- Child Health: The U.S. Government has supported much of the research that identified and demonstrated the effectiveness of high-impact interventions, including Oral Rehydration Therapy, vitamin A supplementation, zinc treatment for child diarrheal illness, community treatment of pneumonia and essential newborn care.
- Maternal Health: New estimates show a 34 percent decline in the number of maternal deaths from the levels of 1990. The United States has been a major donor to both maternal health and family planning.
- Malaria: During the fourth year of implementation, the U.S. President’s Malaria Initiative, led by USAID and implemented with the Centers for Disease Control and Prevention, reached more than 65 million people with malaria prevention and/or treatment measures. Specifically, more than 45 million insecticide-treated bed nets, more than 95 million antimalarial treatments, and more than 25 million rapid test kits have been procured since the initiative began. More than 36,000 health workers were trained on malaria case management in year five (2010) alone. In nine Initiative-supported countries, substantial reductions in all-cause deaths in children under five years of age (ranging from 16 -50%) have been documented; evidence suggests that malaria prevention and treatment efforts are playing a major role in these reductions.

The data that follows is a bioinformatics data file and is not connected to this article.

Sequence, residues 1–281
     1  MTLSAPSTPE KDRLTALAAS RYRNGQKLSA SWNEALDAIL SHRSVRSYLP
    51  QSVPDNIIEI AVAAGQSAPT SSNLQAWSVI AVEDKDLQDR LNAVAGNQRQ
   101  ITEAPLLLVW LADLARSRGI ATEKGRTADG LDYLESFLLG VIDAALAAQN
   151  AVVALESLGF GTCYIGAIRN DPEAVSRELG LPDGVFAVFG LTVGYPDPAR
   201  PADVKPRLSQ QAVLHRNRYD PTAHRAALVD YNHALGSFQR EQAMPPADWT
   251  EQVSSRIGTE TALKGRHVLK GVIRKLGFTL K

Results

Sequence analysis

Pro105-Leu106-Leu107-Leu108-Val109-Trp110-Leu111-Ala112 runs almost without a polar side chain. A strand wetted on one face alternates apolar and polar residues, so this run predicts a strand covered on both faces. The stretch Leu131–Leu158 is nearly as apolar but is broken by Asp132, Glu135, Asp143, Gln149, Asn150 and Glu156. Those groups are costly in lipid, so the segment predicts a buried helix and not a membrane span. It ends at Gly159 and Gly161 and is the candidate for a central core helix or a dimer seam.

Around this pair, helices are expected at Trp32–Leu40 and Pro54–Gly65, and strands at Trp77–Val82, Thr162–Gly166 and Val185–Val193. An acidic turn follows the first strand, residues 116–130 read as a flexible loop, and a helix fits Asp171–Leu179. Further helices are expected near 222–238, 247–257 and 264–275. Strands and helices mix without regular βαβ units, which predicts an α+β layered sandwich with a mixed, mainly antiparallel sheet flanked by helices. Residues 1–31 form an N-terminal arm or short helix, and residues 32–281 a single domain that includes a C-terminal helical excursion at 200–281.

- Neglected Tropical Diseases (NTDs):
Since 2006, the U.S. government has supported the delivery of more than 418 million treatments through integrated programs reaching more than 185 million people in 19 countries. U.S. programs fund training of community-based and professional health care workers and the targeted mass drug administration of drugs to reduce the burden of seven debilitating neglected tropical diseases, including onchocerciasis (river blindness), trachoma, lymphatic filariasis, schistosomiasis, and three soil-transmitted helminths.